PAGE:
At the assizes at Hertford, Thomas Colley received sentence of death, for the murder of Ruth Osborne at Tring. It appeared on the trial, which lasted several hours, that some of the neighbours thinking the deceased was a witch, and her husband John Osborne a wizard, had it cried at Winslow, Leighten-Buzzard and Hamel Hempstead, on their several market days, that they were to be publickly ducked on Monday, April 22, at Tring: That the overseer of the poor of Tring having heard of this, and believing both the man and his wife to be very honest people, in order to prevent the same, sent them into the workhouse. That the master of the workhouse, hearing on Sunday, April 21, that a number of people would assemble next day in order to duck them, he in the middle of the night removed them into the vestry-room adjoining to the church, believing the sanctity of the place would have some awe upon the mob: That about 11 on Monday morning, a great mob, thought to be above 5000, came to the workhouse, and demanded these poor people, and on his telling them they were not there, they rushed in and searched the house, and all the closets, boxes and trunks; and that they were so infatuated, that they searched the very salt-box for them: That there being a little hole in the ceiling, where the plaister was broke, Colley hallowed out, Let’s search the ceiling; which they did accordingly, and not finding them, declared they would pull the house down if they were not delivered to them; and accordingly they pulled down a large wall belonging to the house, and also pulled out all the windows and window frames, and threatened to burn down not only the workhouse, but the whole town of Tring, if they were not delivered up: That the master, fearing the consequences, did at last inform them where the two unhappy people were: upon this they went to the vestry-room, broke it open, and took them away in triumph.

The ducking of the Osbornes.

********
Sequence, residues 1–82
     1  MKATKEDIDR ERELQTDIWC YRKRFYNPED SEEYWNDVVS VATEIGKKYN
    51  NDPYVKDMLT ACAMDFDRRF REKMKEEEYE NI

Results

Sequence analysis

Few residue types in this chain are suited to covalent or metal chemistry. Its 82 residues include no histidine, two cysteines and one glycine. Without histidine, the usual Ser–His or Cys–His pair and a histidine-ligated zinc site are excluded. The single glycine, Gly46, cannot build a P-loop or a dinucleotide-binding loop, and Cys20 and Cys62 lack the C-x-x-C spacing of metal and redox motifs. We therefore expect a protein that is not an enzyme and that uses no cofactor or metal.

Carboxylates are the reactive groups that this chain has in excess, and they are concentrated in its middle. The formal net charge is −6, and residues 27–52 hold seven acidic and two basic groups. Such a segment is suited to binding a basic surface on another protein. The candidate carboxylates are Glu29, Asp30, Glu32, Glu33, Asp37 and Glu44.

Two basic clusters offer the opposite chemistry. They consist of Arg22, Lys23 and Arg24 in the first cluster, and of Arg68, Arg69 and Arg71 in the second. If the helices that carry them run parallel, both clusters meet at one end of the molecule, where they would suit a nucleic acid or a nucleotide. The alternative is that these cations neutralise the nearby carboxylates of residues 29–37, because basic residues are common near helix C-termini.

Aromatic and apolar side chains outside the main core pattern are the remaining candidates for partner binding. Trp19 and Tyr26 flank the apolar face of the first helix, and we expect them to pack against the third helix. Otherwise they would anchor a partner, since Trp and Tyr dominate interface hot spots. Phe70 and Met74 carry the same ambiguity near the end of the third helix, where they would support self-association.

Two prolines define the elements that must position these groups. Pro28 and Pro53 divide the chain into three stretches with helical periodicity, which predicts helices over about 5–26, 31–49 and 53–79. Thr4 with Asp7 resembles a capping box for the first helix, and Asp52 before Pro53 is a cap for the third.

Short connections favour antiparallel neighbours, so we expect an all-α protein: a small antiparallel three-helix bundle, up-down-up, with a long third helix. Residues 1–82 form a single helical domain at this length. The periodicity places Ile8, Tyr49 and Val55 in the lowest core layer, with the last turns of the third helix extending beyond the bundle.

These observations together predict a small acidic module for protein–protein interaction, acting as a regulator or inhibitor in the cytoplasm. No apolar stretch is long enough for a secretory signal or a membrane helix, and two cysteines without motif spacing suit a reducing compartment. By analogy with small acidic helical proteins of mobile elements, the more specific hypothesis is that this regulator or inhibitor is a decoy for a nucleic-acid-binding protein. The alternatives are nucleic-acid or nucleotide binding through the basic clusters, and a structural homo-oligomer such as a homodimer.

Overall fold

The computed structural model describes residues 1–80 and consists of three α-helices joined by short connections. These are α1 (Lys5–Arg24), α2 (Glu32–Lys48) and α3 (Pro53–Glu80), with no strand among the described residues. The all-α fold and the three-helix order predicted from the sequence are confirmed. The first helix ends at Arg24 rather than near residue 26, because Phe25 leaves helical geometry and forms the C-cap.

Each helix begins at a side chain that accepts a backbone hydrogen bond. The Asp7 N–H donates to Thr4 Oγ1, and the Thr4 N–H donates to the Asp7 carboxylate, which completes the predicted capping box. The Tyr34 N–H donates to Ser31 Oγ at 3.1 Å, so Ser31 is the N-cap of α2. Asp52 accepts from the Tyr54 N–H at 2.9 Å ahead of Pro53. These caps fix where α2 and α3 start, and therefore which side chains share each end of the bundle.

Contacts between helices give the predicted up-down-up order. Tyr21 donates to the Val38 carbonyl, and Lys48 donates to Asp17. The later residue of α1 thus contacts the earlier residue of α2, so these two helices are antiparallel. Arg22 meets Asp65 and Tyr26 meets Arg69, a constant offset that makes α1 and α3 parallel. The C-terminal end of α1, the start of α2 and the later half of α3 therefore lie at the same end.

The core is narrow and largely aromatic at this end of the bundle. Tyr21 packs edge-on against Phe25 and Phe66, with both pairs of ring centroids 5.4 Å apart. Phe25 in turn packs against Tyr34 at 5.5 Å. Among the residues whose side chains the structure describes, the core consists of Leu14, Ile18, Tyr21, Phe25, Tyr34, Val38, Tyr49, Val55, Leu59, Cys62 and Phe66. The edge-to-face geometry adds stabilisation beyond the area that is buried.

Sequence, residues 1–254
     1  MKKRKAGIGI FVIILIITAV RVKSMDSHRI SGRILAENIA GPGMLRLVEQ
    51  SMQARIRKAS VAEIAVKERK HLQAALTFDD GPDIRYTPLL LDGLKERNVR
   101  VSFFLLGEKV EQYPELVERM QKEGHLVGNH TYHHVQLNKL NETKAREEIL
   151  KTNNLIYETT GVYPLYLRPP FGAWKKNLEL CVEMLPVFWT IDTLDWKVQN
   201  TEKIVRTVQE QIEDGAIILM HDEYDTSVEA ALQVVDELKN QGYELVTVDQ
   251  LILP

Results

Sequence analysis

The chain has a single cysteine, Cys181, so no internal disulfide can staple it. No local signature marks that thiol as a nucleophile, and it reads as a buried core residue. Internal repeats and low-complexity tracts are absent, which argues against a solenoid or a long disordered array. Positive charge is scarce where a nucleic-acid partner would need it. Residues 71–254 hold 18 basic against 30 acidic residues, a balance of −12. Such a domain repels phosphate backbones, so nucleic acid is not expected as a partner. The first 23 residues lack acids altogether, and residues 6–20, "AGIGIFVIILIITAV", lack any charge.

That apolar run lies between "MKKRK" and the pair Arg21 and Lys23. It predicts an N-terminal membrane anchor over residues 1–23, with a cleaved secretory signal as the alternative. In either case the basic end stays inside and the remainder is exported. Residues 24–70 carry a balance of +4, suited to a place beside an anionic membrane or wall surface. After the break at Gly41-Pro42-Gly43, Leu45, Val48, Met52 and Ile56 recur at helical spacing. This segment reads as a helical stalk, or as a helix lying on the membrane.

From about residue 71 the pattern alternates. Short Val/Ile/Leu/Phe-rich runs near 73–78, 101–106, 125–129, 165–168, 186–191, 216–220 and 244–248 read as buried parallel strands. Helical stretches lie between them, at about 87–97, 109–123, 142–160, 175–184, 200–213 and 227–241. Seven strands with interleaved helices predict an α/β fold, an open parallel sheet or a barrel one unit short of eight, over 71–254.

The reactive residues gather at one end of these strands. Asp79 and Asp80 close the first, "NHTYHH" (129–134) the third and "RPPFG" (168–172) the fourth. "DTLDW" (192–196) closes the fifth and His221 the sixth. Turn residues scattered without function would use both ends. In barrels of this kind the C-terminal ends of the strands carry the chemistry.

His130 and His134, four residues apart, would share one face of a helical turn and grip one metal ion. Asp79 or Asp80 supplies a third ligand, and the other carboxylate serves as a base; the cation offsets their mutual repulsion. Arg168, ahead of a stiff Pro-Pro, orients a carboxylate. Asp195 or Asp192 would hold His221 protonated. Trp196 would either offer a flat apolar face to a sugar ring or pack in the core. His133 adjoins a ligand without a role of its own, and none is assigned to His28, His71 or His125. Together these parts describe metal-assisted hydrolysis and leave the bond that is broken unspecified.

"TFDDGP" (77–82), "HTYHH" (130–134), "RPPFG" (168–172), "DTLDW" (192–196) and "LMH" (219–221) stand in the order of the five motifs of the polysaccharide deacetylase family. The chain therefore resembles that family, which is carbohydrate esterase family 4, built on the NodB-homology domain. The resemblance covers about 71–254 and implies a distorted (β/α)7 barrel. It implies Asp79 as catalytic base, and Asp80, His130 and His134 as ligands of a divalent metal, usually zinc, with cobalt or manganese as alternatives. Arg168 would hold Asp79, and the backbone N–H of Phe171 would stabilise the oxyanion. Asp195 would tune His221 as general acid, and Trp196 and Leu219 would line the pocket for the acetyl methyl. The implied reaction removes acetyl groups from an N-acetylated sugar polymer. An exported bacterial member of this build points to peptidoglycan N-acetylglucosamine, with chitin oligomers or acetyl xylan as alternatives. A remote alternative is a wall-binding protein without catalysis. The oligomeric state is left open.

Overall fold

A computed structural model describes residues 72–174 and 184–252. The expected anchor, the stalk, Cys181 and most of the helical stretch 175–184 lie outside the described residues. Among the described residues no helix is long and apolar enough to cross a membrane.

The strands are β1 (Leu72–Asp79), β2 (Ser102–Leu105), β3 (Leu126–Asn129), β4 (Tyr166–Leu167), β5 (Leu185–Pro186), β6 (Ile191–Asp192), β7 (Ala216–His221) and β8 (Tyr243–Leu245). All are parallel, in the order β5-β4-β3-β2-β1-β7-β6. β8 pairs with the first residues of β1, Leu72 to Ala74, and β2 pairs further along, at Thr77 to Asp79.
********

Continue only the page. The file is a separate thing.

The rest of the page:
It further appeared, by the deposition of several witnesses, that the man and woman were carried to a pond called, called Marston-Meer, and separately tied up in two several cloths or sheets: That a rope was tied under the arms of the deceased, and two men dragged her into the pond: and then standing one on one side the pond and the other on the other, they dragged her quite cross the pond several times: That after this they brought her to the pond side and set her down, and then served the husband in the same manner, and so on alternately till the woman being brought to the shore the 3d time, and laid on the ground, soon expired: That each of the three times Colley went into the pond, which in mud and water was not quite 2 foot and ½ deep, and with a stick in his hand, turned the deceased over and over, and pushed her up and down several times: That when he came out of the pond, he went round among the people, and collected money of them as a reward for the great pains he had taken in shewing them sport by ducking the old witch as he called the deceased: That when he was in the pond, one called out to him and desired him to come out, and let the woman alone, for if he did not, he would certainly kill her: but he refused to come out, and said she was a witch, and he would duck her again: and that he did, after that, turn her over and push her about in the pond several times: that the 3d time of ducking her, the last before she expired, he took hold of the cloth she was wrapt in, and pulled her up and down the pond, till the same came off and her body appeared naked: and that then he pushed her on the breast with his stick, which she endeavoured with her left hand to catch hold of, but he pulled it away. -- Thus, according to the opinion of the surgeon at the trial, this poor woman expired by suffocation with water and mud. She was in the 70th year of her age: but her husband, aged 56, being a lusty strong man, survived the inhuman treatment of these barbarous miscreants. Several other persons were indicted with Colley, two not yet taken, and the rest to the jurors unknown: but it is hoped they will soon be discovered and receive the just reward of their crime.